That is the main rationale behind the latest Netflix production, The Angel, a film designed to promote an Israeli nationalistic narrative rather than investigating the mystery behind Nasser’s controversial son-in-law.
The first minutes of the film sets the tone for the rest to come.The Angel is by no means an exhaustive historical document, it is a sensationalistic, naive spy thriller aimed first and foremost to titillate than to inform.
The lavish production includes embarrassingly fake Egyptian accents, artificial sets bearing no resemblance to Egypt and maddening flashes of repulsive orientalism.
In one scene, Muammar Gaddafi’s blatant offer to the demure Marwan to “try Libyan women” is a particular low point. The Angel is an expensive production with the look and feel of tacky b-movies. Even the mandatory, dim, smoky cinematography comes off as a send-up of spy thrillers.
Man of peace?
Born in 1944 to a family of high-ranking officials, Marwan studied chemical engineering at Cairo University. After graduation at the age of 21, he met Nasser’s daughter, Mona, in 1965. She was 17 at the time, and he married her a year later.
According to reports, Nasser was suspicious of Marwan’s intentions and may have treated him with distrust until his death in 1970. In 1968, Marwan, Mona and their newborn son left for London so Marwan could study for a master’s degree in chemistry.
Played by Tunisian-Dutch actor Marwan Kenzari, Ashraf Marwan is misunderstood and mistrusted by his demagogic father-in-law, who mocks him at the beginning of the film for suggesting that relying on the Soviets may not be the wisest strategy to defeat the Israeli enemy.
His occasional gambling and partying are not depicted as signs of a potentially irresponsible personality but more of distractions from Nasser’s hostility towards him. Rejected and underappreciated, Marwan gradually grows to resent Nasser and everything he represents.
According to the film, when the latter orders his return to Egypt and threatens to suspend the family allowance he received, a penniless, desperate Marwan reaches out to Israeli intelligence through a telephone booth, only to be dismissed by the phone operator.
Nasser’s death shortly afterwards in September 1970 restores balance to Marwan’s life. Soon he gains the trust of Nasser’s successor, Anwar al-Sadat, played by Iraqi-Israeli actor Sasson Gabai of The Band’s Visit fame. Marwan assists him in defusing an attempted coup engineered by members of the Nasser cabinet in 1971.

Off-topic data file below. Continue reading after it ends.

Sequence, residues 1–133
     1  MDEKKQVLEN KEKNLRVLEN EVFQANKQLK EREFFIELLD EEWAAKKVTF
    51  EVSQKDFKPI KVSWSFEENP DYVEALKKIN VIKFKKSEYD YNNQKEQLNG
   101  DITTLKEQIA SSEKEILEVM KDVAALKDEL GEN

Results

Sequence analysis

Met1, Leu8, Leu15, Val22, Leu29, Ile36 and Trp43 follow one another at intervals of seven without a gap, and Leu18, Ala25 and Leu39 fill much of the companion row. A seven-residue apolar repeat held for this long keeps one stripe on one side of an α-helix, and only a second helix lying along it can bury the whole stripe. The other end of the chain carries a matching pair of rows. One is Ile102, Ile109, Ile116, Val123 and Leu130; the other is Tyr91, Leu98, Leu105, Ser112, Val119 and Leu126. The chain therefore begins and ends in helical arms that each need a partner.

His official position as a close aide of Sadat makes him a target for the Israeli intelligence upon his return to London. Marwan’s inquiry from the phone booth, it transpires, had been recorded by the Mossad, who exert little effort via mild blackmail in recruiting the obliging Marwan.
From then on, Vromen chronicles Marwan’s thorny relationship with the Mossad as his influence in the Sadat administration grows. The double life he leads starts to hurt his marriage, forcing him to question his role in a war that he deems idiotic. Marwan’s love for Mona, played by Palestinian actress Maisa Abd Elhadi, is never questioned. He repeatedly fends off the copious sexual advances of British socialite, Diana Davis, who is played by Hannah Ware, in one of the many fictitious episodes devised by Vromen to up the tempo of the film.
The film is laced with hackneyed dialogue such as: “I’m a strong woman, but I have my limits,” Mona declares in one scene. “If you’re going to play like you’re James Bond, you have to go all the way,” Diana tells Marwan in another.
The Angel is based the account by Israeli professor and former Israeli army intelligence analyst, Uri Bar-Joseph. His 2016 The Angel: The Egyptian Spy Who Saved Israel, is an expose of Marwan’s story in which he leaves little room for doubt about Marwan’s loyalty to Israeli intelligence.
Despite the sharp division in the Israeli intelligence community on Marwan, whose questionable identity as an Israeli spy was revealed in 2002 by the London-based Israeli historian Ahron Bregman, Bar-Joseph and Vromen have taken his tale at face value, pumping it up with simplistic motifs and trashy pulp elements.
Contrary to several accounts which describe Marwan as charismatic, humorous and confident, in The Angel, Marwan is depicted as a vulnerable, unconfident young man, emasculated by the contempt of his father-in-law.
From the get-go, Vromen implies that Marwan is a man of peace. While Nasser’s discourse is centred on reclaiming Sinai, Marwan appears to be more concerned about the sacrificed Egyptian lives in the 1967 war. Egypt’s casualties during the Six-Day War reached more than 11,000.
“What’s more important: our land, or our people?” he grills his father-in-law in a heated public confrontation at the Egyptian ambassador’s house in London in July 1970. Later on, he tells his wife that her father is “blinded by his hatred of me. He shuts me out every time.”